Gabby Petito: Attorneys say first-degree murder charge likely after autopsy result

Michael Baden reacts to Gabby Petito coroner report

Renowned forensic pathologist analyzes Wyoming officials’ declaration cause of death is strangulation, on ‘The Story’

A former prosecutor said Tuesday that the Grand Teton County coroner’s ruling that Gabby Petito’s homicide was caused by strangulation will likely result in a first-degree murder charge for whoever is arrested in the 22-year-old’s death. 

“It almost always gets you first-degree murder because premeditation can be formed in an instant,” Mark Eiglarsh, a criminal defense attorney and former Miami-Dade County prosecutor, told Fox News on Tuesday. 

“You put your hands around the neck, that’s an unwanted touching, that’s simple battery or assault. Then you start to squeeze, your argument could be, ‘Well, I just wanted to scare them.’ But then you contuse to affix pressure… There’s a certain amount of minimal time that someone needs to do that before somebody is dead,” Eiglarsh said. 

“I think there’s a strong argument that if premeditation didn’t exist prior to the physical contact, it certainly was developed at some point during the strangulation.”

Aside from the manner and cause of death, the Teton County coroner could not release much more information about the autopsy due to Wyoming state law. 

Gabby Petito and Brian Laundrie were involved in a domestic incident in Moab, Utah on Aug. 12. 
(Moab City Police Department)

Criminal defense attorney Stuart Kaplan said Tuesday that law enforcement likely gleaned much more information from the autopsy than it has made public and is likely able to either exclude Brian Laundrie, who has been named a person of interest in the case, or connect him to his former fiancée’s death. 

“Generally when there’s a strangulation, when someone is acting out in a rage of violence, the victim will try to fend off that attacker. Oftentimes, there is DNA transfer — most of the time it will be under the fingernails, where someone is trying to claw someone or scratch someone,” Kaplan told Fox News. “Those transfers of DNA will either rule in Brian Laundrie or potentially could exclude him.”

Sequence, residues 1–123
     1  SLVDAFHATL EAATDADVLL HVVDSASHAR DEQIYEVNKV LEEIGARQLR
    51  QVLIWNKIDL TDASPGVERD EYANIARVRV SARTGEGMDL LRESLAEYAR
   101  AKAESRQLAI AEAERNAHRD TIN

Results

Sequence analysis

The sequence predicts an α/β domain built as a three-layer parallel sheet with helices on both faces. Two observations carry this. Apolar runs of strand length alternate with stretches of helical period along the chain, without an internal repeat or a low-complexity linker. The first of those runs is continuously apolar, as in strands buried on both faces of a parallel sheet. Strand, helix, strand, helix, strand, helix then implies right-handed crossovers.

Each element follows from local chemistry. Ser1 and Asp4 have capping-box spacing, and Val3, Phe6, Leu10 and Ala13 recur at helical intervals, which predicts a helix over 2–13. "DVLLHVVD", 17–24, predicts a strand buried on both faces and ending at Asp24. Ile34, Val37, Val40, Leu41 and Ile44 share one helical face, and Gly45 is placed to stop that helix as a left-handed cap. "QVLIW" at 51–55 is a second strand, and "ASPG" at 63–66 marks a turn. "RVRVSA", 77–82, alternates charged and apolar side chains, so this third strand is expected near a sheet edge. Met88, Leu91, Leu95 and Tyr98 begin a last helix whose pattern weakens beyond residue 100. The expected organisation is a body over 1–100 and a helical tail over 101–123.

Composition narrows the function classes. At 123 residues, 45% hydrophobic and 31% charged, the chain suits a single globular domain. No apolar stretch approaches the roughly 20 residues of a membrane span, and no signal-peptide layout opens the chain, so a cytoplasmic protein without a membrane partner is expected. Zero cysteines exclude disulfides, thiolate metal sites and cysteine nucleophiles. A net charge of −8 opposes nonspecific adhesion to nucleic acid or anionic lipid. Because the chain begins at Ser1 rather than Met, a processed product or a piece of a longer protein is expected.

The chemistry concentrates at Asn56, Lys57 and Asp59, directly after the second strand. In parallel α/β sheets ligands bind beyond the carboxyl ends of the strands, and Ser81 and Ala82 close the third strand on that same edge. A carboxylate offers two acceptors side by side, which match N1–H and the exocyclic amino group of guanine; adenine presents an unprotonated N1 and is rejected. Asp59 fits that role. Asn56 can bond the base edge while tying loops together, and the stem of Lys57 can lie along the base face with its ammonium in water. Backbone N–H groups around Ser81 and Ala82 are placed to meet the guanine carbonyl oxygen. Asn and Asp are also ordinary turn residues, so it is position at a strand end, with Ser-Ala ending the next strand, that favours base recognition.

The FBI went to Brian Laundrie’s family’s home in North Port, Florida, on Sept. 26 to compare DNA.

“The FBI requested some personal items belonging to Brian Laundrie to assist them with DNA matching and Brian’s parents provided the FBI with what they could,” Laundrie’s lawyer, Steven Bertolino, told Fox News last month. 

Eiglarsh noted that even if Laundrie’s DNA is found on Petito’s remains, it would have to be in unique places to implicate him since he wasn’t a stranger and some of his DNA would be expected on her body. 

Laundrie has not been charged with a crime in Petito’s death and is only a person of interest. He is wanted for unauthorized use of a debit card that belonged to Petito between Aug. 30 through Sept. 1. 

Petito’s remains were found on Sept. 19 at a campground in Wyoming about three to four weeks after she was killed, which would place her death around the last week of August. 

The couple set out on a cross-country road trip in June, but their relationship became strained as the weeks passed, with Petito’s mom telling investigators that her daughter described how there “appeared to be more and more tension between her and Laundrie,” according to a search warrant.

Petito and Laundrie were involved in a domestic incident on Aug. 12 in Moab, Utah. A witness told police that a “gentleman was slapping the girl” and Petito said that Laundrie “grabbed” her face, but she also told officers that she slapped him. The two were separated for the night and no charges were filed. 

First-degree murder is punishable by death or life imprisonment in Wyoming. Homicide can also result in manslaughter, second-degree murder and other charges. 

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